Kicking dirt at small children

If the European Union is the school bully when it comes to terrorising alternative medicine, the British Medicines Control Agency is his scrawny sidekick. Emboldened and inspired by the actions of the bully boy, the MCA has been busy kicking dirt at small children, hoping the bigger kid will finally notice him.

Take, for example, its latest move. Bear in mind that none of the European directives has come into force and, indeed, the two which most concern the MCA – the Traditional Medicines Directive and the amendments to the Pharmaceutical Directive – have not even been passed. Nevertheless, that hasn’t stopped the MCA from acting like they are already enshrined into law. This week, the MCA showed its muscle by withdrawing the licence for two types of evening primrose oil. These products, Epogam and Efamast, are to be withdrawn from 7 October, just two weeks after the MCA announced its decision.

After reviewing all the relevant information, the MCA decided that the evidence for evening primrose oil ‘does not support the current standard of efficacy required for the authorisation of these products as medicines for the treatment of eczema and mastalgia’. Pharmacia, the manufacturer, will not be allowed to restock pharmacy shelves after 7 October.

The MCA was quick to point out that there is no safety issue here about evening primrose oil. Indeed, evening primrose oil is still available in healthfood shops for anyone who wishes to take it, as the MCA puts it, ‘a dietary supplement’.

In other words, Pharmacia’s crime was making a medical claim for these products – suggesting that they could be taken as some sort of medicine.

The other products the MCA is busily clearing from the healthfood shelves are any combination products – supplements that contain both vitamins and herbs. These are the products which contain a mere soupçon of herbs just to give the product a little twist – a bit of Ginkgo here, a bit of Echinacea there – so little that, at the end of the day, they are very unlikely to do any harm.

As far as these combo products are concerned, the MCA’s sudden tough line may be a preemptive strike to show the EU bully how tough it can really be when it comes to herbs.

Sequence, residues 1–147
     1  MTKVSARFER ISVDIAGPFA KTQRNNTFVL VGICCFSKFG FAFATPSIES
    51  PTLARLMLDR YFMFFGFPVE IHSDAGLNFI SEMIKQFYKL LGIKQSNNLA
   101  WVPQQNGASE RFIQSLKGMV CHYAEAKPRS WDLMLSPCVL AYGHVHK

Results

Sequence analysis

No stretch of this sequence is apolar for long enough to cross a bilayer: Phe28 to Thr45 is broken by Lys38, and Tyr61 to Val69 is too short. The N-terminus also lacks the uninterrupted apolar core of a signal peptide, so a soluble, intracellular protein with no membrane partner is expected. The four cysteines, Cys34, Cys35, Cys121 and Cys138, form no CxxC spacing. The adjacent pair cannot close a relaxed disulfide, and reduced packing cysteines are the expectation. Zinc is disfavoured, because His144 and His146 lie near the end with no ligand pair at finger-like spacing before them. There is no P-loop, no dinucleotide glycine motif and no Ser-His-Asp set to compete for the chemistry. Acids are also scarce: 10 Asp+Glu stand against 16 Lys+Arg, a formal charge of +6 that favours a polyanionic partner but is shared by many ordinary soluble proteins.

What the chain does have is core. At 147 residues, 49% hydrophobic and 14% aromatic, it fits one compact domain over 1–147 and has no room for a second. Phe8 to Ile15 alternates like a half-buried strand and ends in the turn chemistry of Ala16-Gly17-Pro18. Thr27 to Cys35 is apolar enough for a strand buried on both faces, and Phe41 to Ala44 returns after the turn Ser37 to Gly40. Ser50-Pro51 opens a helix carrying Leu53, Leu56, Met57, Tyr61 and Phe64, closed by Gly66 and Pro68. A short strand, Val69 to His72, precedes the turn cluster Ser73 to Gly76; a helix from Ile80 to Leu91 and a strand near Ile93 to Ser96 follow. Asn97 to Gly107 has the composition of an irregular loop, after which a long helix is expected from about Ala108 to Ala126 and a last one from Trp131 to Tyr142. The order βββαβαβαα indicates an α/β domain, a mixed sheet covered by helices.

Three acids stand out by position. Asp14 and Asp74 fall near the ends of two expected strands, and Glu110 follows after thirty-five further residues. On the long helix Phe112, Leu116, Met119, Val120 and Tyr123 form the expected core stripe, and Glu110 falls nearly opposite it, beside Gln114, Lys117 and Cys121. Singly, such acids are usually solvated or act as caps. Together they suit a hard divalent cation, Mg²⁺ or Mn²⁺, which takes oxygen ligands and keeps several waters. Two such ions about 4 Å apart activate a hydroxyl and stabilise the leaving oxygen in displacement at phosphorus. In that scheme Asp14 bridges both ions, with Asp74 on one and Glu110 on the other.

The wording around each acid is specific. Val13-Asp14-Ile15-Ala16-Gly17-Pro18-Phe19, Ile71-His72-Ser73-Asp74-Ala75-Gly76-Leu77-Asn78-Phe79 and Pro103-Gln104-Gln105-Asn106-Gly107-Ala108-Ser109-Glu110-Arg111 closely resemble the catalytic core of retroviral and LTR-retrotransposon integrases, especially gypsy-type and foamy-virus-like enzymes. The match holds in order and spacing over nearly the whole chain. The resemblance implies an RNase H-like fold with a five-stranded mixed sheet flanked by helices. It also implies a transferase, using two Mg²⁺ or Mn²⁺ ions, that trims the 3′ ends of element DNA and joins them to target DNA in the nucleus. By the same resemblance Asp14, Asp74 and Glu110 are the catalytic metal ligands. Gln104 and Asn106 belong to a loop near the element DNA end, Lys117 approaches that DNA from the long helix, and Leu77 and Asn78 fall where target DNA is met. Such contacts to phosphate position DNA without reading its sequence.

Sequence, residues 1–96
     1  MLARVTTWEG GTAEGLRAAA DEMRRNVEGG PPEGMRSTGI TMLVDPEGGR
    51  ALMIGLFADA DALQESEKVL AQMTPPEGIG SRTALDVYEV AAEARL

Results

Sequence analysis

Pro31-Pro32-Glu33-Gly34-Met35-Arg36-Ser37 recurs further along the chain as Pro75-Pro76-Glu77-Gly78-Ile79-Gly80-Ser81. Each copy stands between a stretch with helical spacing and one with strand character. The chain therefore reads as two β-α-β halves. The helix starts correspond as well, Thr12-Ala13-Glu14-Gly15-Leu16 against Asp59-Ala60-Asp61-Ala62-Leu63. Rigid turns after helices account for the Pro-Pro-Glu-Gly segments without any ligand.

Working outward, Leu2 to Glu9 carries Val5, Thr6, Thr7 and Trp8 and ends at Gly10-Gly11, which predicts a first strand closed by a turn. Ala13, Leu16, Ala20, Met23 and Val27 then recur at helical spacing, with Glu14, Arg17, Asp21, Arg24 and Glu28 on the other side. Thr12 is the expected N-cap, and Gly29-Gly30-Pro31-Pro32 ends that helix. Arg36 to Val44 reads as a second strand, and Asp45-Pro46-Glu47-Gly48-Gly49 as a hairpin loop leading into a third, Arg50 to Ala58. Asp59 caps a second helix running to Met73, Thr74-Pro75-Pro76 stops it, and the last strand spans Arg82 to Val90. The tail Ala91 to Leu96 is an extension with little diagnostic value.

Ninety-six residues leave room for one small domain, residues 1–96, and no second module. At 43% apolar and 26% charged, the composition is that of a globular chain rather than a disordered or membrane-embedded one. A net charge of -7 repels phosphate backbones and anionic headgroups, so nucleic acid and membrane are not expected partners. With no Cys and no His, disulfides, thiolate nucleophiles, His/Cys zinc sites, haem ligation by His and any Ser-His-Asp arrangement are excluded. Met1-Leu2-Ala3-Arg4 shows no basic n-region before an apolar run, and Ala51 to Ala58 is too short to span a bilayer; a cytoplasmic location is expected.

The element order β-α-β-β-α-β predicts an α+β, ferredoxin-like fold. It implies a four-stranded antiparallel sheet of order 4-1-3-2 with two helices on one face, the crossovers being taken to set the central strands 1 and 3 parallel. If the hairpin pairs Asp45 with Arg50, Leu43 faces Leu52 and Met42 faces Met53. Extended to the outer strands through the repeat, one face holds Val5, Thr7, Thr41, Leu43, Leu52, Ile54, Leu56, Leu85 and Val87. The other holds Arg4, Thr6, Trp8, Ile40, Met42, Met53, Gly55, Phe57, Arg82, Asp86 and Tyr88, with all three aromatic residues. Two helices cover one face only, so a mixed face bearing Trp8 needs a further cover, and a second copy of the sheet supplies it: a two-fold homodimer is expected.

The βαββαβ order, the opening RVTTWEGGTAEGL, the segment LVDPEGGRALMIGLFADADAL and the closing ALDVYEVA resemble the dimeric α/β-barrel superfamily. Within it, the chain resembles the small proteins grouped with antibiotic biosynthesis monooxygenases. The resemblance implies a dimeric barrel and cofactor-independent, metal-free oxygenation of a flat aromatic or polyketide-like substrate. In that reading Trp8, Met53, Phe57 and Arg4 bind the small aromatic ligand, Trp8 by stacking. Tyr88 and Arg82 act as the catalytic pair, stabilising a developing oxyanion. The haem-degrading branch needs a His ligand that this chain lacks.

The word inside the European Parliament is that the MCA is taking its hard line against combination products and anything that smacks of a ‘medicine’ because the EU rubbed its face in the fact that, up till now, the MCA has been decidedly lax, particularly with regard to herbs.

What bothers me most about this situation is the blatant double-standard of it all. The same week that we hear that there isn’t enough evidence to support the current standard of efficacy and safety for evening primrose oil, a major study is published showing what we at WDDTY have been shouting about for 13 years: that hormone replacement therapy is worthless and, worse than that, highly dangerous (see p 11). Nevertheless, there is not even the merest hint that these products – which are not only worthless for their indications, but highly dangerous – are to be withdrawn.

It seems to be decidedly back-to-front that alternative practitioners are now legally obliged to be knowledgeable of the reactions the healthy diets they prescribe may have with any medicines their patients are taking while, at the same time, there is no similar requirement for doctors to be aware of all the side-effects of the drugs they prescribe (see Alternatives, pp 6-7). If they were, Britain wouldn’t be suffering the equivalent of the World Trade Center casualties every single month from prescription drugs alone.

Any smart supplement manufacturers at this moment should be amending their labels to indicate that what they are selling is nothing more than a condensed form of food.

As for you consumers, if any of these products do you any good at all, to keep the bully boy off your back, it’s essential that you keep that piece of information to yourself.

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Written by What Doctors Don't Tell You

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